Cyprus Mail

Hepatitis E outbreak looms in quake-hit Nepal, deadly for pregnant women

Women walk past collapsed houses as the wreckage is manually demolished in Bhaktapur

By Maria Caspani

Hundreds of pregnant women in Nepal are at risk of dying from hepatitis E, as the onset of the monsoon season could trigger an outbreak of the virus in the earthquake-hit country, experts warned.

Tens of thousands of survivors of the South Asian country’s worst disaster on record are at “very high” risk of facing an outbreak of the liver disease, which spreads through water contaminated with faeces, researchers said in the Lancet medical journal.

Hepatitis E affects an estimated 20 million people around the world each year. For most people, the infection runs its course with a few long-term complications, but the mortality rate for pregnant women is about 25 per cent.

The experts said that an outbreak in Nepal could kill more than 500 pregnant women.

“Hepatitis E is a neglected virus that isn’t well understood, but we are now seeing that it is likely a major cause of maternal deaths in countries where it is common,” Alain Labrique of Johns Hopkins University and co-author of the document said in a statement.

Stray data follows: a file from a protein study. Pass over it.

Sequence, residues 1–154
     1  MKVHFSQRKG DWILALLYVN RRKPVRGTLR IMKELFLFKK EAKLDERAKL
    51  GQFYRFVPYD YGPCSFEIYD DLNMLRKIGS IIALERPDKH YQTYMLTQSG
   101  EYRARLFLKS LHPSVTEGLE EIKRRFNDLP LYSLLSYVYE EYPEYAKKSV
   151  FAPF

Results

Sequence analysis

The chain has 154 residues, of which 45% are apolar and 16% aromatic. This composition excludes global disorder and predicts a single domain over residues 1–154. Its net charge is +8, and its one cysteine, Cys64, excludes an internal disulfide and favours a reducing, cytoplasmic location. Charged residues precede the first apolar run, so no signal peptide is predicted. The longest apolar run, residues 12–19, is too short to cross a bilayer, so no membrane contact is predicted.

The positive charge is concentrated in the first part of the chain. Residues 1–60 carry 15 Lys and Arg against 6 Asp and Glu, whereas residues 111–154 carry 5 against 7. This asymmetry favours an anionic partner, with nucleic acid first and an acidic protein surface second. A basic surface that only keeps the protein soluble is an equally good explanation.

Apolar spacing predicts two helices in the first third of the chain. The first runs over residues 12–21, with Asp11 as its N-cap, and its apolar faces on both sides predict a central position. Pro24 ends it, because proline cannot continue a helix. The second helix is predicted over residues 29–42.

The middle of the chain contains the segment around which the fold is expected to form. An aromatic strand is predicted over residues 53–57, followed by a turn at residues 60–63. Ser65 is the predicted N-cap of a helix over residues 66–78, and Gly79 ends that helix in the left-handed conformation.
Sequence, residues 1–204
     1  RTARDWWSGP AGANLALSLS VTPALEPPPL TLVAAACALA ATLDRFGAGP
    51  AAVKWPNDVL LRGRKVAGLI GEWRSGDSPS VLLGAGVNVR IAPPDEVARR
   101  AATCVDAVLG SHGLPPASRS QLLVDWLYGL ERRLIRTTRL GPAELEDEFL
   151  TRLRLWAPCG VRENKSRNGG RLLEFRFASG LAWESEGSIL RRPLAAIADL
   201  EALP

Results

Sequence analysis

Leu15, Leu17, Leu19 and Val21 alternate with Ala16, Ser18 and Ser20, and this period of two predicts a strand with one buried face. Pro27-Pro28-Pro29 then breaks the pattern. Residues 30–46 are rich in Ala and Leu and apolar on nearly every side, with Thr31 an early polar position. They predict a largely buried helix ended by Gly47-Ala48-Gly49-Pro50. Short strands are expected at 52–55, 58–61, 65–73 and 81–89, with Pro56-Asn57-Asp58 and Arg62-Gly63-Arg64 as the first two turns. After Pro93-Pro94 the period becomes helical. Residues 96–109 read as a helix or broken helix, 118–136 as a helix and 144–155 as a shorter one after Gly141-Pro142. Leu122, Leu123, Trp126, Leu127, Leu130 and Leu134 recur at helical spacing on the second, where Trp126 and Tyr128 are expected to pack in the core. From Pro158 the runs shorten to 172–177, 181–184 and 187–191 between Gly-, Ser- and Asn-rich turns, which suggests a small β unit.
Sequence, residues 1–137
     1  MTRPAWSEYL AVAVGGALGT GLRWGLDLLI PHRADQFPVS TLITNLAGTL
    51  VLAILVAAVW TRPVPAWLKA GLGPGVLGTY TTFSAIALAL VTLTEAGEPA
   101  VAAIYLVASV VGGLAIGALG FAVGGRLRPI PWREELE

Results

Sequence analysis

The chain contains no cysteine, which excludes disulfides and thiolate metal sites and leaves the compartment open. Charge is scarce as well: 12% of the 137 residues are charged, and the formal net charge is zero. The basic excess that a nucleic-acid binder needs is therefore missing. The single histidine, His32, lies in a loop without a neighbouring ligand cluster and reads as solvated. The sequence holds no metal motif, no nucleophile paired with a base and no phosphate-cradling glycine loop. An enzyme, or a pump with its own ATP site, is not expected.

The earthquakes that struck Nepal on April 25 and May 12 killed about 8,800 people and injured 22,000 others.

Disaster-affected areas present a “perfect storm” of factors – such as large displaced populations with little access to water, sanitation and life-saving medicines – that can lead to the spread of disease, the experts said.

An effective vaccine for the virus is currently only licensed for use in China.

The World Health Organization (WHO) said it needs more safety and efficacy data before recommending routine use of the vaccine, but added that it “should be considered” to mitigate or prevent outbreaks, and to alleviate consequences in high risk groups such as pregnant women.

The experts said there have been a number of large hepatitis E outbreaks in Nepal, including one in 2014 that sickened more than 10,000 people.

They urged Nepalese health authorities to conduct surveillance to identify cases of the disease, and to request the vaccine and build a stockpile.

According to the WHO, typical hepatitis symptoms include jaundice, dark urine and pale stools, abdominal pain and tenderness, nausea and vomiting, fever, and an enlarged, tender liver.

Nepal’s monsoon season runs from July to September.

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